For all you tigers, Valentine’s Day collides with Chinese New Year
On Feb. 14, a combo plate of Western romance and Eastern traditions will be served as Valentine’s Day coincides with the Chinese New Year.
It’s the Year of the Tiger — deep thinkers, risk-takers, short-fused, hasty decision-makers. One tiger person will probably be spending V-Day in the doghouse (Mr. Woods) along with Brad Pitt, Charlie Sheen and Jon Gosselin. Others, such as the recently engaged Derek Jeter, will probably have romantic tête-à-têtes with their fiancees or honeys, and might I suggest a romantic Chinese Valentine-themed dinner for two to celebrate these parallel events.
Coincidentally, Valentine’s Day immortalizes the passions of the heart and the color red, which the Chinese believe is lucky because red symbolizes the fire that wards off evil spirits. So set a red-hot mood — wear something red, make a sanguine tablescape with red roses and matching tablecloth, hang some red lanterns and light scented candles, play traditional Chinese music in the background such as Hong Ting’s soothing and sensual “Lotus Out of Water,” and serve some spicy red-hot food.
On your double A-List (Asian Aphrodisiac), start with the almond, a symbol of fertility back in biblical days. Its heady aroma was thought to elicit passion in women. Samson wooed Delilah with these nuts loaded with vitamin E, magnesium and fiber to boost energy, libido and well-being.
The Romans discovered oysters in the second century A.D. as a high-octane aphrodisiac loaded with zinc, which hikes sperm and testosterone levels, triggering libido. Casanova was said to have consumed 50 raw oysters a day. (That was before cadmium, mercury and PCBs contaminated these bivalves rendering them unappetizing to the health-conscious).
Ginger will heat things up and get the heart racing. Allicin in garlic improves blood flow to essential body parts. Celery contains andresterone, a hormone that gives guys that manly aroma that women go gaga over.
The spear-shaped asparagus packed with potassium and vitamins A, B and C was thought to enhance potency, especially since it increases histamine production that amps up certain pleasure points for everyone.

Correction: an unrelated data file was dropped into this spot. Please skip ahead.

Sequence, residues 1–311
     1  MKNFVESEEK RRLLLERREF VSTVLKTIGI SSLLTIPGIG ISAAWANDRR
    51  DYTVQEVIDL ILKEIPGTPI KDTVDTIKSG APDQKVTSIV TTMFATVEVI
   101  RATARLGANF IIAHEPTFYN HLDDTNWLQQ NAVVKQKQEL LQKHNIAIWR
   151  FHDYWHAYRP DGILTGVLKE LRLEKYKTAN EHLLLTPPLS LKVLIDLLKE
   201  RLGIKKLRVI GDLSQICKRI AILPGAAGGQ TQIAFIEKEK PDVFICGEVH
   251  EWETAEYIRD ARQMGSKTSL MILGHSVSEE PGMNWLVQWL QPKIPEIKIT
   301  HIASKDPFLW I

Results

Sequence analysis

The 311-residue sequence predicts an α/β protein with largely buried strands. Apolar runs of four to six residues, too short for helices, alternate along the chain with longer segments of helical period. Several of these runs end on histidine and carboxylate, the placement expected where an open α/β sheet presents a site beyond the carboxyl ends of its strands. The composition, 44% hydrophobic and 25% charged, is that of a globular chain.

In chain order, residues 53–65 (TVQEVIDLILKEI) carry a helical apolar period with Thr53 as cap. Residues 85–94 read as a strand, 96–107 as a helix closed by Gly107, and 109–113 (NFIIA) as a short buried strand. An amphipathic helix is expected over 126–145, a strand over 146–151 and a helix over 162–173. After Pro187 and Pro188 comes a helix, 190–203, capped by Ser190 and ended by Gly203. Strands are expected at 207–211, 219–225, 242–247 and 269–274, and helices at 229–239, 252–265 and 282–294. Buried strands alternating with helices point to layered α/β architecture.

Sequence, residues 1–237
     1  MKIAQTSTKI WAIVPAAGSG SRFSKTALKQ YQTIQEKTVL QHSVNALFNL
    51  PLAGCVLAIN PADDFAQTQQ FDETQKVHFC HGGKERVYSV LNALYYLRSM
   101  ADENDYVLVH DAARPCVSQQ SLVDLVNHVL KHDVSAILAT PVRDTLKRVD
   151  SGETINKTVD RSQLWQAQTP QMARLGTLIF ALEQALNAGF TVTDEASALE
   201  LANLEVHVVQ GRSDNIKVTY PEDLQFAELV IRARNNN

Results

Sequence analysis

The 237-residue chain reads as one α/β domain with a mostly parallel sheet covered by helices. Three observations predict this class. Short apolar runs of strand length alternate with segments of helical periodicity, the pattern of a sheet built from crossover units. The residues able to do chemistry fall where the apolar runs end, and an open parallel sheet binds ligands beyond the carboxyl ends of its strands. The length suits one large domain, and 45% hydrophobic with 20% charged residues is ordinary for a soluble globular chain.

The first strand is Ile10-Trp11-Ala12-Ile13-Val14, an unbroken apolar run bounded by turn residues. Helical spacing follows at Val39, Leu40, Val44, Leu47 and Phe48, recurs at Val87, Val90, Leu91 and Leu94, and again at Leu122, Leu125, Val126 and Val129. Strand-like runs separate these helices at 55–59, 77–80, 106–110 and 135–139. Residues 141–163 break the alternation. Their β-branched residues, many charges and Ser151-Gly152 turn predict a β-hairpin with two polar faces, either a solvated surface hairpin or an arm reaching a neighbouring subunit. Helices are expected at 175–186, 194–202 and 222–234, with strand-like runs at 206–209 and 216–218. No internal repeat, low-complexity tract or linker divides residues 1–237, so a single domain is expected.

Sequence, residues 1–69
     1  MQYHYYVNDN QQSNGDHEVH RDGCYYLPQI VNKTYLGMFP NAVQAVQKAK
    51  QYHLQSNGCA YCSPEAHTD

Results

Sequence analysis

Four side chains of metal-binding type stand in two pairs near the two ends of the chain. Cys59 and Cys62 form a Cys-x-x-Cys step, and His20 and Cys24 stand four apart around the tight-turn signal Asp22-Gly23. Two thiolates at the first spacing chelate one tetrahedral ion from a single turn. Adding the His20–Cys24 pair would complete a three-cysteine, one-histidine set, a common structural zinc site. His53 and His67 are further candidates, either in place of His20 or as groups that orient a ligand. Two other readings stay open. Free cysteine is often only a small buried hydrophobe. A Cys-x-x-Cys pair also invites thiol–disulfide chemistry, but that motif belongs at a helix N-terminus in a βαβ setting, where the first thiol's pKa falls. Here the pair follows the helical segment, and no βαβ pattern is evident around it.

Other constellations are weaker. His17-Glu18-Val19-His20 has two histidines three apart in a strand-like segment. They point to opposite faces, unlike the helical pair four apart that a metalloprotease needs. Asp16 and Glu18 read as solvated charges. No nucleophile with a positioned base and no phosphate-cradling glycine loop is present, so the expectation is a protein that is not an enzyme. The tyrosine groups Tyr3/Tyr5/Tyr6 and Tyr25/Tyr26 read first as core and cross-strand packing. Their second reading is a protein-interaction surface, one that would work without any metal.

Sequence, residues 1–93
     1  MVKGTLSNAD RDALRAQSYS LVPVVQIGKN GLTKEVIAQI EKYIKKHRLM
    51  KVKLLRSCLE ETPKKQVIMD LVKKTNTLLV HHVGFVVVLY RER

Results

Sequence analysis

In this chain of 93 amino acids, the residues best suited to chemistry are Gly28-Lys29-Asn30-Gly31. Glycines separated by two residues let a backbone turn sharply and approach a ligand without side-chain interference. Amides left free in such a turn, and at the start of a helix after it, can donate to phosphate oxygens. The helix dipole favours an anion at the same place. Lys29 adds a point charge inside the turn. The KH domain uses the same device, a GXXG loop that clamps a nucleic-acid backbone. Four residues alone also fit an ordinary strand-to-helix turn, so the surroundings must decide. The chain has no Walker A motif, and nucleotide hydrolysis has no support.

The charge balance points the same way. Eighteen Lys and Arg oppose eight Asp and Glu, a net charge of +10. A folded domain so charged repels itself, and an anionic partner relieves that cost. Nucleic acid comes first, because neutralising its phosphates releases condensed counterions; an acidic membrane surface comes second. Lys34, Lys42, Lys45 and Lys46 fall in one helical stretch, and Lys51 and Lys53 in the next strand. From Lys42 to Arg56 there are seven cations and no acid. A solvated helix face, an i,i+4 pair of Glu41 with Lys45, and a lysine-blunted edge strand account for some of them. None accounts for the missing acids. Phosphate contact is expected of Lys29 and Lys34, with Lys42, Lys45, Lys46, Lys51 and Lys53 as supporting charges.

Ginseng, a root used by the Chinese for centuries, gives stamina and desire a jump-start. Kiwi, mandarin oranges and other fruits packed with vitamin C keep the sex glands well lubricated. Dark, leafy greens give gals hormonal balance, while mustard is thought to stimulate the sex glands and boost desire.
Finally, dark chocolate, a heart-healthy aphrodisiac, contains a substance that affects the romantic wiring in the brain and is a mood elevator.
For an Asian-inspired aphrodisiac in appetizer form, start with a chicken salad with honey roasted almonds, vegetarian lettuce wraps with plenty of garlic and crunchy celery, dumplings dipped in spicy mustard sauce, or dried orange peel and oyster sauce pate (when the oysters come from safe waters).
For main dishes, try almond and cashew chicken, shrimp and scallops with asparagus tips in black bean sauce, Peking duck exuding ginger and garlic from its pores or almond encrusted wild-caught salmon.
Finally, tantalize your tiger’s palate with super dark chocolate — melt, dip, chew, lick. I make my treats with low sugar and fat, which won’t put him to sleep, and high in cocoa content, which tends to make us all amorous and buzzed. Make your own chocolate-dipped fortune cookies and slip in a romantic message customized for your sweetie.
Prepare the meal ahead of time so you’re not wiped out from all the cooking and cleanup. Use the day to pamper yourself; conserve your energy for the passion that awaits. During dinner, limit libations as too much wine or champagne will make him drowsy, not desirous. And the meal itself should be light. Serve small portions of carbs and protein.
My contribution for a lusty sweet ending is an intoxicating chocolate fondue with Chinese fruits and pastries for dipping. Serve with a cup of exhilarating ginseng tea. You can thank me in the morning. Have a healthy, prosperous and amorous New Year!
Asian Fondue for Two
- An assortment of fruits, including lychee, candied ginger chunks, kiwi, mango slices, Asian pear spears, mandarin orange segments, pineapple spears, and wedges of steamed Asian sponge or angel food cake
- 2 teaspoons of brandy or Grand Marnier
- 1/2 cup of whipping cream
- 6 ounces of bittersweet chocolate with a cocoa content of more than 60 percent
Put the chocolate and whipping cream in the top part of a double boiler on low heat and melt slowly, stirring constantly. Pour into a dessert fondue pot and stir in the liqueur, keeping a low flame. With long forks, dip the fruits and cake into the chocolate mixture and enjoy your inner bliss.
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